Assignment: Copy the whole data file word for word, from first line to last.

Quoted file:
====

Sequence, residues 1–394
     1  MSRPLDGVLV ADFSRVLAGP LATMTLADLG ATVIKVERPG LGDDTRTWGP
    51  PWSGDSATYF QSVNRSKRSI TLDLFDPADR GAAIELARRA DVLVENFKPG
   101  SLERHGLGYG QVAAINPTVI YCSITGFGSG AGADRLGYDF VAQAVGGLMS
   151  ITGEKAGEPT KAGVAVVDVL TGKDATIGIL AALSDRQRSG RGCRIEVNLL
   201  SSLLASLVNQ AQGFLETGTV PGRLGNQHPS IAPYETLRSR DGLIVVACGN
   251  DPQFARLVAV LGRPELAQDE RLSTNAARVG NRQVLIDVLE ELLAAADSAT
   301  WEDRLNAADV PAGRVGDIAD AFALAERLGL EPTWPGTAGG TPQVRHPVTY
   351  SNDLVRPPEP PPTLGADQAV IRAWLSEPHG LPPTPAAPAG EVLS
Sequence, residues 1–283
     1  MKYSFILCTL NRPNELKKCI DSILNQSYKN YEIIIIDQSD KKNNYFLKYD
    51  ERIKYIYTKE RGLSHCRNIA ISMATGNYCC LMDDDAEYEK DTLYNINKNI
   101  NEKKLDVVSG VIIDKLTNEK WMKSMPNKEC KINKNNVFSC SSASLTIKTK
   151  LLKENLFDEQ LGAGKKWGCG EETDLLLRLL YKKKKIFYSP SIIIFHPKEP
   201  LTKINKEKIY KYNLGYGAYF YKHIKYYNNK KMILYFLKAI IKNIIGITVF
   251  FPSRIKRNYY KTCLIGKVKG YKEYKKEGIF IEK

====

Sequence, residues 1–394
     1  MSRPLDGVLV ADFSRVLAGP LATMTLADLG ATVIKVERPG LGDDTRTWGP
    51  PWSGDSATYF QSVNRSKRSI TLDLFDPADR GAAIELARRA DVLVENFKPG
   101  SLERHGLGYG QVAAINPTVI YCSITGFGSG AGADRLGYDF VAQAVGGLMS
   151  ITGEKAGEPT KAGVAVVDVL TGKDATIGIL AALSDRQRSG RGCRIEVNLL
   201  SSLLASLVNQ AQGFLETGTV PGRLGNQHPS IAPYETLRSR DGLIVVACGN
   251  DPQFARLVAV LGRPELAQDE RLSTNAARVG NRQVLIDVLE ELLAAADSAT
   301  WEDRLNAADV PAGRVGDIAD AFALAERLGL EPTWPGTAGG TPQVRHPVTY
   351  SNDLVRPPEP PPTLGADQAV IRAWLSEPHG LPPTPAAPAG EVLS
Sequence, residues 1–283
     1  MKYSFILCTL NRPNELKKCI DSILNQSYKN YEIIIIDQSD KKNNYFLKYD
    51  ERIKYIYTKE RGLSHCRNIA ISMATGNYCC LMDDDAEYEK DTLYNINKNI
   101  NEKKLDVVSG VIIDKLTNEK WMKSMPNKEC KINKNNVFSC SSASLTIKTK
   151  LLKENLFDEQ LGAGKKWGCG EETDLLLRLL YKKKKIFYSP SIIIFHPKEP
   201  LTKINKEKIY KYNLGYGAYF YKHIKYYNNK KMILYFLKAI IKNIIGITVF
   251  FPSRIKRNYY KTCLIGKVKG YKEYKKEGIF IEK